Minutes slowly tick by, as a group of fascinated onlookers watch transfixed as two people match wits on the chess board. The Rochester chess center is a popular place for people with an interest in chess to showcase their talent and love of chess, and, according to employee Ken McBride, there “isn’t many of them in the country.” 

The Rochester chess center, located in New York, is best known for hosting chess events, which take place on Monday and Wednesday, as well as a Saturday tournament in which players can compete for prizes. The Monday event is a team event where players can compete with a team of four players over the course of 10 weeks to determine which team is the winner of the league. Wednesday’s event is hosted at the chess center by the Community Chess Club of Rochester (CCCR), and once a year the CCCR hosts a Club Championship to determine the Club Champion. The champion then plays a simultaneous event, where they play multiple — sometimes as many as twenty-eight — people at once.

The center’s target audience was originally adults, but Ron Lohrman, the owner and founder of the chess center, realized that by changing the target audience to younger audiences, the chess center, founded in the early 1990s, would become much more profitable. Mr. Lohrman started to offer camps, lessons, and a kids’ tournament which caused the chess center to become a successful organization. 

Beyond changes in target audience, the center also physically changed throughout the decades. McBride noted that the center has expanded from half of the first floor to an entire two-story building.The upstairs is mostly used for storage and occasionally for games, while the downstairs houses the office, the main tournament room, two small rooms for lessons, and a lobby where players can relax and look over the games before the next round of the tournament.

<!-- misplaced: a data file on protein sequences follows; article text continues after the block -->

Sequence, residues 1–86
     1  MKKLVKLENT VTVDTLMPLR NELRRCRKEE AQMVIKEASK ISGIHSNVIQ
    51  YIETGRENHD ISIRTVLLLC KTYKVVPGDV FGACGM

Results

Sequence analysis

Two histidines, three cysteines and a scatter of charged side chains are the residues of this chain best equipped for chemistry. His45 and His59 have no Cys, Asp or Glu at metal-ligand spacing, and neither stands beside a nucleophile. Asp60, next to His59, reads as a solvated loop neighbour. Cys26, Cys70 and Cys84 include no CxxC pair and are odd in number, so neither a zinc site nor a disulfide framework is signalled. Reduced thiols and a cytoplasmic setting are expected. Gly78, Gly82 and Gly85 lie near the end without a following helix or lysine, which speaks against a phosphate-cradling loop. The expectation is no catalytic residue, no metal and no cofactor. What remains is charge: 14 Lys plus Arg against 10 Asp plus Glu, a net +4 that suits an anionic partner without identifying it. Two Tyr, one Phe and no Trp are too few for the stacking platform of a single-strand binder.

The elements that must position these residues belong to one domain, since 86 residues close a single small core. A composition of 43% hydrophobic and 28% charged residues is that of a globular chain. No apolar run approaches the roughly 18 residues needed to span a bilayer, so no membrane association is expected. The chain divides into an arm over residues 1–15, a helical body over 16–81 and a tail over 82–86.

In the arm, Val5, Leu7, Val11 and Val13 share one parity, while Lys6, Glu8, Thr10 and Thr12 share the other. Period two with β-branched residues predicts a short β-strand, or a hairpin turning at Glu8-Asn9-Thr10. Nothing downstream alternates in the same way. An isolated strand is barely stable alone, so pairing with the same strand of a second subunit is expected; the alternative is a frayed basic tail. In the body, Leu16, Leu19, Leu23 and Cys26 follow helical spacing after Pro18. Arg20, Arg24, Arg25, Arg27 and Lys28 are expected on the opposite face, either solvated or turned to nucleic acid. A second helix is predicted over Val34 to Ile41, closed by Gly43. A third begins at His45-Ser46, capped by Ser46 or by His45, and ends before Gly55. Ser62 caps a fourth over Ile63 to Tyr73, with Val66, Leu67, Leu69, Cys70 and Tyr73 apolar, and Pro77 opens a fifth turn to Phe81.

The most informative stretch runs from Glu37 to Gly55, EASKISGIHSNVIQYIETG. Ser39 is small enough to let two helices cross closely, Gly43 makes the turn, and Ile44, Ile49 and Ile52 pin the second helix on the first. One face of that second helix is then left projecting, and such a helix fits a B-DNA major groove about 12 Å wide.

The chess center also seeks to allow students in high school to experience chess by hosting a high school chess league. The high school chess league had “over 50 schools pre-covid” remarked Lohrman, with schools from Rochester to Buffalo participating. The most recent high school chess league, however, took place remotely over Zoom, instead of in person.  

During the switch to virtual tournaments, the center saw a rise in online chess, largely due to quarantine boredom. After the quarantine ended, they also enjoyed a surge of new people.

According to McBride, the Rochester Chess Center is crucial to the development of Rochester players, as the center provides its members with the skills and knowledge to perform exceptionally well at out-of-town events. For Lohrman, the center allows for players “to improve more with support of friends and staff then if it wasn’t here.” And McBride added that the center also attracts players from nearby towns to participate in their tournaments, partially due to the uniqueness of the chess center and partially because of the friendly and competitive atmosphere of the chess center.

The Rochester Chess Center has served the Rochester community for over 30 years as a place dedicated to the game of chess, and they are planning to continue doing so for many years to come.